Since turning pro in October 2007, McIlroy has won ¤39,125,362 in prize-money worldwide but has earned more than twice that figure in sponsorship and endorsements.
Jocular US Golf Pundit Michael Collins compared this case to "a bad divorce", adding that even "if things go horrifically wrong in Rory's court battle, what's the worst case scenario? He's going to lose a lot more money.
"It's not like he's going to have to play golf with an ankle bracelet on, because, believe me, if that were the case, his golf would have been a lot different the past year."
Chip yips suggest end is nigh for Tiger
AS Tiger Woods plunged out of the world's elite top 50 yesterday, the task he faces in fighting his way back into golf's upper echelons is twice as difficult now as at any other time in his career.
Tiger's confidence in his short game plainly has been rocked by a dose of the chip yips, while he can no longer rely on the marauding young professionals of today - like Brooks Koepka, such an impressive winner in Phoenix on Sunday - to be cowed by his reputation.
Woods was 56th in yesterday's rankings and on the evidence of Friday's 82 at TPC Scottsdale, his worst round as a professional, his nightmares around the green are unlikely to be resolved in time for this week's Farmer's Open at Torrey Pines.
Though TV pundit Paul Azinger, a winning US Ryder Cup captain in 2008, offered soothing words, saying those short-game problems could be resolved "in minutes", Tiger's former coach Hank Haney bluntly stated Woods has the yips with his wedges.
"When you have the yips you have issues," Haney said. "This isn't going away."
Tiger must pick up ranking points either in San Diego or the upcoming Honda Classic to return to the top 50 in time to play the Cadillac World Golf Championship in Doral in March.
Replaced at No 1 by Rory McIlroy last May, Tiger has performed so abjectly in his paltry five tournaments since, culminating in Friday's horror, that even making the weekend will be an achievement.
Meanwhile, a major changing of the guard is taking place.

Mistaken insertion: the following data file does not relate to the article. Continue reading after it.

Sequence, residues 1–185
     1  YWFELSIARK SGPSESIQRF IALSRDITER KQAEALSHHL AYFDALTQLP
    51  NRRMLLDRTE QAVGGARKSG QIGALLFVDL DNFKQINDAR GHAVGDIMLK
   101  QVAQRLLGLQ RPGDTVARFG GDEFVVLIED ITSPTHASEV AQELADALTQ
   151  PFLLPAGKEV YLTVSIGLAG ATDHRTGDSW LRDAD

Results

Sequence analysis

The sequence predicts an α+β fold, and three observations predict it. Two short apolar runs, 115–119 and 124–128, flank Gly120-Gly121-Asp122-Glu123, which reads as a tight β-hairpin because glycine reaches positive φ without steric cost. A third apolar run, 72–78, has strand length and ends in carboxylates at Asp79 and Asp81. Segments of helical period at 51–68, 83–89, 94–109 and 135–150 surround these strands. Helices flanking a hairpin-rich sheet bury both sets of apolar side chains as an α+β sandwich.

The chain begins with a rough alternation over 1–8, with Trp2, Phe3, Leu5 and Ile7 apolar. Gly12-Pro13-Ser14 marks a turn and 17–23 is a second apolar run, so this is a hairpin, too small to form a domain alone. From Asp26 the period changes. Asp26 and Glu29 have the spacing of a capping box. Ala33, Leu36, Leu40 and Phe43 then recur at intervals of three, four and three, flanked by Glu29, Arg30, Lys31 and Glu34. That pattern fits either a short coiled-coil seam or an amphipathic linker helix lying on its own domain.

Koepka, who picked up four victories during his apprenticeship on the Challenge Tour, then won the Turkish Airlines Open on the main European circuit last October, joins Patrick Reed as the second 24-year-old winner in four events on the US Tour in 2015.
In Europe, Rory McIlroy's win in Dubai ensured the first six events of the season all were won by players in their 20s for the first time since 1983.
R&A fails in its duty to McIlroy with Open Sky deal
THE R&A slept through the wake-up call given to golf by Rory McIlroy's failure to win the BBC Sports Personality of the Year Award.
With respect to Lewis Hamilton (right), who roundly thumped the Ulsterman in the poll after winning a two-horse race for the F1 world title, the British public's failure to grasp the enormity of McIlroy's Major-winning feats last summer was an indictment of golf and the way it promotes itself.
While all of Hamilton's Grand Prix race wins were available to mass audiences on terrestrial TV, only one of McIlroy's four momentous victories last summer, the Open Championship at Hoylake, was free to air.
The second two legs of McIlroy's spectacular hat-trick, the Bridgestone World Golf Championship and US PGA at Valhalla, not to mention his BMW PGA triumph at Wentworth in May, all were enjoyed only by exclusive pay-per-view audiences on Sky.
Therefore it was shocking over the weekend to learn that the R&A has sold the live rights for the Open Championship to Sky and that from 2016 on, only highlights of the game's oldest and biggest Major will be available free on the BBC (which, of course, is available here in the Republic).
At a time when membership at golf clubs all over these islands is shrinking, surely it behoves organisations like the R&A to ensure that the general public, especially kids, are exposed as much as possible to our most exciting young golfer ever.
The decision to 'sell' the Open to Sky for a reported £10m is short-sighted in the extreme.